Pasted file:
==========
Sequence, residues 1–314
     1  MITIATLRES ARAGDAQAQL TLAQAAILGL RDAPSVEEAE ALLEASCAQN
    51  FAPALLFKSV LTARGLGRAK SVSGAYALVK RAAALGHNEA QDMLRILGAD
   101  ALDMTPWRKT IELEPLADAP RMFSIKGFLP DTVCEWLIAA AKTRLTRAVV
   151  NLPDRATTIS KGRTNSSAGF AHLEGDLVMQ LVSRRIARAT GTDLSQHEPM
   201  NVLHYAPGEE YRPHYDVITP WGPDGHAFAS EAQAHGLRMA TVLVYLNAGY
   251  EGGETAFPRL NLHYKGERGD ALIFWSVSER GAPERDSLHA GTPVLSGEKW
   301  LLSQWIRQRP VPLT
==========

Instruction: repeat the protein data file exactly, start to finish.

Sequence, residues 1–314
     1  MITIATLRES ARAGDAQAQL TLAQAAILGL RDAPSVEEAE ALLEASCAQN
    51  FAPALLFKSV LTARGLGRAK SVSGAYALVK RAAALGHNEA QDMLRILGAD
   101  ALDMTPWRKT IELEPLADAP RMFSIKGFLP DTVCEWLIAA AKTRLTRAVV
   151  NLPDRATTIS KGRTNSSAGF AHLEGDLVMQ LVSRRIARAT GTDLSQHEPM
   201  NVLHYAPGEE YRPHYDVITP WGPDGHAFAS EAQAHGLRMA TVLVYLNAGY
   251  EGGETAFPRL NLHYKGERGD ALIFWSVSER GAPERDSLHA GTPVLSGEKW
   301  LLSQWIRQRP VPLT